We finally got to Colón and, of course, the bus for Rosario had gone twenty minutes ago. It was 9:30 and we'd have to wait for the next one... departing some time after 2 PM. The ghost of Valle Edén's nightmare reared its head, but in the end it wasn't such a big deal: Colón's bus terminal was relatively cool, there were toilets, a bar, and benches. In a languid state we let the hours go by, and weren't totally fed up by the time our transportation arrived.
We crossed Entre Ríos from east to west — a geographical ode to boredom — until we reached Victoria. Then a leap of six hundred metres over the Paraná, and we were in Rosario, some five hours after leaving Colón, and almost ten after departing from Paysandú. It was still day. My mother and my brother had come to welcome us back. As if trying to forget that this was the end of our vacations, we said goodbye quickly, quickly, and went away, each of us following their own path.
And thus is finished the story of our travels in Uruguay.
04 April 2009
Three hours later we woke up in Paysandú, Uruguay's second city, department capital, port on the Uruguay River, and border town. It was a sunny, windy, nice morning. It took us almost no effort to locate the address of our lodging place, a big single-story house turned hotel, opposite the main square and not far from the bus terminal. If as the beach rhythm grew farther away and our "big city people" habits returned, this was a step in the right direction — we had a room where five people would've fit, a large bathroom, and even a little patio.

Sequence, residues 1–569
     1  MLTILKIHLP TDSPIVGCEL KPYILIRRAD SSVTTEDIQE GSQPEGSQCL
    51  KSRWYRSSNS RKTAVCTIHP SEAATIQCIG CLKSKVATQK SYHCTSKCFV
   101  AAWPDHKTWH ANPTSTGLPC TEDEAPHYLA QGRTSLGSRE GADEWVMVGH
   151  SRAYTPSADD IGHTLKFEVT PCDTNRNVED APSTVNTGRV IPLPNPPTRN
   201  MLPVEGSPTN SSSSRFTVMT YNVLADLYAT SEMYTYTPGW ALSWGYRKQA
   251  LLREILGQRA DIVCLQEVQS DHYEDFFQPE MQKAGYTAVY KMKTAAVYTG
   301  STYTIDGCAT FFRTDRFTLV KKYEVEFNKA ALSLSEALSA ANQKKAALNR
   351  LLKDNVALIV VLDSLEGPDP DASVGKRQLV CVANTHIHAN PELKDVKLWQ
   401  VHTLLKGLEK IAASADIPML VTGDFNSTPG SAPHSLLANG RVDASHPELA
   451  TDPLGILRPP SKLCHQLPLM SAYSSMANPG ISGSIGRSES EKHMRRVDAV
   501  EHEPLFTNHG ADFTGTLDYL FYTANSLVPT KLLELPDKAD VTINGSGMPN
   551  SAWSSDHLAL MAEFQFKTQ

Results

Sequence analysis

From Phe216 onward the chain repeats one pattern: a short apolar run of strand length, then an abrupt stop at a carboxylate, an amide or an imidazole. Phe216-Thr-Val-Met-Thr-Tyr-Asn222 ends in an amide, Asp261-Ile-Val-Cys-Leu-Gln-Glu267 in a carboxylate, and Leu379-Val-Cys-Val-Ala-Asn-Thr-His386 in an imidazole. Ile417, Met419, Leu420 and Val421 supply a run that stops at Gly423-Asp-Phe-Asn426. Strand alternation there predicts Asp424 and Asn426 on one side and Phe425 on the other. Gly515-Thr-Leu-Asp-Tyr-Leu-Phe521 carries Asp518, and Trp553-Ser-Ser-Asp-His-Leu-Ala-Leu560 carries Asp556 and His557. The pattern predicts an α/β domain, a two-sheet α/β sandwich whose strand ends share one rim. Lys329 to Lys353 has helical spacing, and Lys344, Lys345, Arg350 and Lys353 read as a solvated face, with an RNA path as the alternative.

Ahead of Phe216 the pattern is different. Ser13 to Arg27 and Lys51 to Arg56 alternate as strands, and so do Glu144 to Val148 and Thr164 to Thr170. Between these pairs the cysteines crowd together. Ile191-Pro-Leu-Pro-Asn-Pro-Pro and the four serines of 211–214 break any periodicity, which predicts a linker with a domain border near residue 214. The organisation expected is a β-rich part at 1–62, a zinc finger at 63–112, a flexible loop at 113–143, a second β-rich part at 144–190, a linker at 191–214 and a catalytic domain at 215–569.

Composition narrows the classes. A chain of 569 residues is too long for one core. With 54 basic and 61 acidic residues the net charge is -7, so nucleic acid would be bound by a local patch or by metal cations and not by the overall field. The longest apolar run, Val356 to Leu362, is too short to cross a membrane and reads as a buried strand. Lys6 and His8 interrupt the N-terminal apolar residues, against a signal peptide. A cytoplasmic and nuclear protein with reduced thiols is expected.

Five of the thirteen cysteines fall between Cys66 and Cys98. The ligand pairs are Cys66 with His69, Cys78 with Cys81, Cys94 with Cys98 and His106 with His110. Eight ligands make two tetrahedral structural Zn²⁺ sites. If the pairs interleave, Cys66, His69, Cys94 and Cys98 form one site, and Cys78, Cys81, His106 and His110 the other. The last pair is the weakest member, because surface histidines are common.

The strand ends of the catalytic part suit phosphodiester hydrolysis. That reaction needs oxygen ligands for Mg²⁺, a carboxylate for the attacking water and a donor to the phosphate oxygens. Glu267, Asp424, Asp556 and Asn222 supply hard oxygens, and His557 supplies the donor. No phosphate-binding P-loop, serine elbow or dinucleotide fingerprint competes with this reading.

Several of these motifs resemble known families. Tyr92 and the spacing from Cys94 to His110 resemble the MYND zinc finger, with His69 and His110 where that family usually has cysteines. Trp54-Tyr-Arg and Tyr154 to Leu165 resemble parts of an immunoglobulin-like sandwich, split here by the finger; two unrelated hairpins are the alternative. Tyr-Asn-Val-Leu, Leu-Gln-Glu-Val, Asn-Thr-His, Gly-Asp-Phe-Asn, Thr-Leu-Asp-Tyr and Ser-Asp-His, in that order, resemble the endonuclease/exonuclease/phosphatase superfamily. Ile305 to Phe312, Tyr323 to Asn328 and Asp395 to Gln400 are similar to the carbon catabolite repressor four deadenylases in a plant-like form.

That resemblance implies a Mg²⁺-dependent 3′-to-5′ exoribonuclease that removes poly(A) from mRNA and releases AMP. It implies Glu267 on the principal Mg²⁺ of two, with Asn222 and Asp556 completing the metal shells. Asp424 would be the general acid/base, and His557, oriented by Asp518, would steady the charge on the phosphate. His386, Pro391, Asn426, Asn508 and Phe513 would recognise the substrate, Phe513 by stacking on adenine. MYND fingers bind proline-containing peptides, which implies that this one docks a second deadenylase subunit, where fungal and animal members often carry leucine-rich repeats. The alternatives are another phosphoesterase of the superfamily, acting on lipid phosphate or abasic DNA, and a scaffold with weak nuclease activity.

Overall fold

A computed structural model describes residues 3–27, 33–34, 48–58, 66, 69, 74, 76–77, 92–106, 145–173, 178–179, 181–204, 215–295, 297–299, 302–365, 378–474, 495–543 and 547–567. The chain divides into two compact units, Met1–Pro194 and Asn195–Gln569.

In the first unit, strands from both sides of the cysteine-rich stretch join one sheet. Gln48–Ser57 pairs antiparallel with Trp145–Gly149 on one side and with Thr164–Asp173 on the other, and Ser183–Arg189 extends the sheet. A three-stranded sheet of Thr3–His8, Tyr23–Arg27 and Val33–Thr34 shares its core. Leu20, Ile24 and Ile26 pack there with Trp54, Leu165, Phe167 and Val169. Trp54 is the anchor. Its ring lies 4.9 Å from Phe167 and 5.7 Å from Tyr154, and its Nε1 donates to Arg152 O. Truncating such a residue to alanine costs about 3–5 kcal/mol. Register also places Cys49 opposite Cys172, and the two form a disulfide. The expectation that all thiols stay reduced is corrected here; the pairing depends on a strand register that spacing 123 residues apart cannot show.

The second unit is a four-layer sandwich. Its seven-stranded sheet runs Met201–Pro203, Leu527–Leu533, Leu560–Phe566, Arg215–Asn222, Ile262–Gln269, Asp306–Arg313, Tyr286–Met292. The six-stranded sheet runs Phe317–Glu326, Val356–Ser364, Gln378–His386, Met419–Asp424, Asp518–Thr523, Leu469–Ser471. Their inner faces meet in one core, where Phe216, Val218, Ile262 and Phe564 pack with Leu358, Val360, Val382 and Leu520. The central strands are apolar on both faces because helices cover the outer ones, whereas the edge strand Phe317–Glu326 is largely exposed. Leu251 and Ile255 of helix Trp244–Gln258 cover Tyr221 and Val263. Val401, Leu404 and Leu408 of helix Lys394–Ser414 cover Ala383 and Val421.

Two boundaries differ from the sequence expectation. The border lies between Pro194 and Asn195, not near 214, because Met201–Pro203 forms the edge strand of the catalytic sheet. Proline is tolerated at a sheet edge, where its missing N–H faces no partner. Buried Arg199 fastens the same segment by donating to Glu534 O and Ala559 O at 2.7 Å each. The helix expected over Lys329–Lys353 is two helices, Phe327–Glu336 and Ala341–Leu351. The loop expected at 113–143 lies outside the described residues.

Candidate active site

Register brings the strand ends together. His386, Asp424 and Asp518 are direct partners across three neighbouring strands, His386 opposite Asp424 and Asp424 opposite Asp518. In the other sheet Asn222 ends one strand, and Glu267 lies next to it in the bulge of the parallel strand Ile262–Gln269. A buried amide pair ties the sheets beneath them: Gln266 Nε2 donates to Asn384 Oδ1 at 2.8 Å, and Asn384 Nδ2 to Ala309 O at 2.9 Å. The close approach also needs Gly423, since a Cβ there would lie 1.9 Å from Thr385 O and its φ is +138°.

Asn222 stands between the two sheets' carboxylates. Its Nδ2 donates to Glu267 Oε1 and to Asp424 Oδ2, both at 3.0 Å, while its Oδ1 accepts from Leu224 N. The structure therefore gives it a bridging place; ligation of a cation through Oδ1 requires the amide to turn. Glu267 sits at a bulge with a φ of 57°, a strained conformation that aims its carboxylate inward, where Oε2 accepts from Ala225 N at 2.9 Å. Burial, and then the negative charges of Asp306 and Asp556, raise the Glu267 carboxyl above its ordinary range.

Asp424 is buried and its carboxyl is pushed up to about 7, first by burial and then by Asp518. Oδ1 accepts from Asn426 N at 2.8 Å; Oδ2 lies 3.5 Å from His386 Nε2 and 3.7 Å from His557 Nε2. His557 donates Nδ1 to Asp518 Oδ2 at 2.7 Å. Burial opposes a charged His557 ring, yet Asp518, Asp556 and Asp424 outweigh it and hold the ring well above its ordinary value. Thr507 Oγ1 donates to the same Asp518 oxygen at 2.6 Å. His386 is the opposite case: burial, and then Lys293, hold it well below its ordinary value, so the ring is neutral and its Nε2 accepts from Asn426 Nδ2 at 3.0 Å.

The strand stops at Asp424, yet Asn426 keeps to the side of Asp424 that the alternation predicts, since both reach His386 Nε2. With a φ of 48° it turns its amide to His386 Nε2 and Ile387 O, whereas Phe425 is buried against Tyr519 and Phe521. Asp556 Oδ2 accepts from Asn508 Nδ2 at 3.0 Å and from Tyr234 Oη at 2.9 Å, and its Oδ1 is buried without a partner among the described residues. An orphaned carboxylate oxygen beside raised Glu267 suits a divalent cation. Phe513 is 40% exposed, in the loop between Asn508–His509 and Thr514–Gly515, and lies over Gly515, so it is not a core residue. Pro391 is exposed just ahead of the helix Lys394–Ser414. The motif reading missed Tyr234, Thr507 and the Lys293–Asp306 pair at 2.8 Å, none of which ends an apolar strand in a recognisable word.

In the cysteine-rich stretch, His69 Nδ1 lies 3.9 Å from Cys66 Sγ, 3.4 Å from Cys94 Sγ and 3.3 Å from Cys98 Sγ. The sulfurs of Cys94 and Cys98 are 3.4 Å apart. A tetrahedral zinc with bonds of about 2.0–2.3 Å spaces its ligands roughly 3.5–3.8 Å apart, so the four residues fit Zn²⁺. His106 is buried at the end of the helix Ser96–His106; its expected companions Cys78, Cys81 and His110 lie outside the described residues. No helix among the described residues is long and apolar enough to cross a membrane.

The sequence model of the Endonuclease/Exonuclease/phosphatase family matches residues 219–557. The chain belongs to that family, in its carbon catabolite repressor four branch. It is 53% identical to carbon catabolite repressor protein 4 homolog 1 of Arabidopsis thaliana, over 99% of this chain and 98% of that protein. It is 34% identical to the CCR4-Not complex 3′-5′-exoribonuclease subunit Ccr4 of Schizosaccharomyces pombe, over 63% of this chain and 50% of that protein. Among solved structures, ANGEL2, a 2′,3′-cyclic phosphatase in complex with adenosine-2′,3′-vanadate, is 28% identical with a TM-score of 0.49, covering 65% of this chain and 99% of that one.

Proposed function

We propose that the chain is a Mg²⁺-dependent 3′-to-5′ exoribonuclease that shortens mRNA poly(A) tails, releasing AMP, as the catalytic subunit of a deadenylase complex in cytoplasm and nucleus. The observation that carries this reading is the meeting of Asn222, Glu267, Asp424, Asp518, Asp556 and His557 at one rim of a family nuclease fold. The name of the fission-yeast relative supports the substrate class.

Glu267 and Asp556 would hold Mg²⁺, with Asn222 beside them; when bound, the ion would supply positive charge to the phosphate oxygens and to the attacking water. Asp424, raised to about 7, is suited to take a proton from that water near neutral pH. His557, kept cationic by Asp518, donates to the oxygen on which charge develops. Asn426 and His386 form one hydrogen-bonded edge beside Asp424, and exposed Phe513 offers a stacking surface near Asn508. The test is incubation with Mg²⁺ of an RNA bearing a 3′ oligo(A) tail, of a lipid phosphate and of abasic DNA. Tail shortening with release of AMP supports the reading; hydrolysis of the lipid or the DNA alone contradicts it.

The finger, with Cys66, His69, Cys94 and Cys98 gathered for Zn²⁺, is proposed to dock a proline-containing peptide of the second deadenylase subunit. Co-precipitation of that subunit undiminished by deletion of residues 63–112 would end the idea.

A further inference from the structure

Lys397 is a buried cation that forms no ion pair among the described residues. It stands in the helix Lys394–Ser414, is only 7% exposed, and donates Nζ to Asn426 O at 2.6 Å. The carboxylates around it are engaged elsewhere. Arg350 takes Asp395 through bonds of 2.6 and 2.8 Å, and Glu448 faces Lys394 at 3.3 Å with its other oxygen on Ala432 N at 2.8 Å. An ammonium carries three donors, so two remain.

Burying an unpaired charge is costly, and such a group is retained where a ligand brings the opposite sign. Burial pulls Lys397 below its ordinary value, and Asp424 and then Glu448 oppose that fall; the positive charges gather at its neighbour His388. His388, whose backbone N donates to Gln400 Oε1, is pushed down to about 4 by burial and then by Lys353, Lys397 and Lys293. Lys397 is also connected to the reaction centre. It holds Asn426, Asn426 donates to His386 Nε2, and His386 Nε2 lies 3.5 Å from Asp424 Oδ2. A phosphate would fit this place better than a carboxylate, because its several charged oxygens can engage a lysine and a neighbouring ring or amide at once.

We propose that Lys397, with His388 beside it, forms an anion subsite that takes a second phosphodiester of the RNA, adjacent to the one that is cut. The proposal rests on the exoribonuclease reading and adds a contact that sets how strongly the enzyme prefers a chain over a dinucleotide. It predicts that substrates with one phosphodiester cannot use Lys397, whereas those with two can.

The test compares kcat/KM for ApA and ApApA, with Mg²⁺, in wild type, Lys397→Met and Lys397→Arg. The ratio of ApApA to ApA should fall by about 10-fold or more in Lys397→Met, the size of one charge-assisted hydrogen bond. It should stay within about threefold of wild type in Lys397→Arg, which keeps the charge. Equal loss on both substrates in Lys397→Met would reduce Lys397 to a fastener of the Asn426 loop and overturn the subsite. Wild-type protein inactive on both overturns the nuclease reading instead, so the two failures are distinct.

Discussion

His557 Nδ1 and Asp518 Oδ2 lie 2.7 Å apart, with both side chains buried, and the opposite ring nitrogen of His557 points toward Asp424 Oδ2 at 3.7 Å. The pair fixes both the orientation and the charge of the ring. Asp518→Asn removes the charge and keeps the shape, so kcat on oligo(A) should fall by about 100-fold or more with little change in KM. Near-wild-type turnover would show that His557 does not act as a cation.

I'd been to Paysandú, briefly, years ago (on an afternoon escapade) but I didn't remember much of it, so we'll have to go over it. In order to do that, however, we were first in need of breakfast, which we'd been unable to have before leaving Tacuarembó. We found a bar (it was called "El Bar") and we asked for white coffee and medialunas. Now I saw that the menu listed both medialunas and croissants, and the latter were much cheaper; the waiter gave us a weird look when we ordered medialunas "with nothing" (he checked), and my suspicions were confirmed when he brought us two huge crescent-shaped pieces of pastry, of the same kind (but double the size) of what's known in Argentina as medialuna — they were the kind we'd seen used for sandwiches in supermarkets throughout Uruguay. Nobody asks for "croissants" in Argentina; we just have medialunas.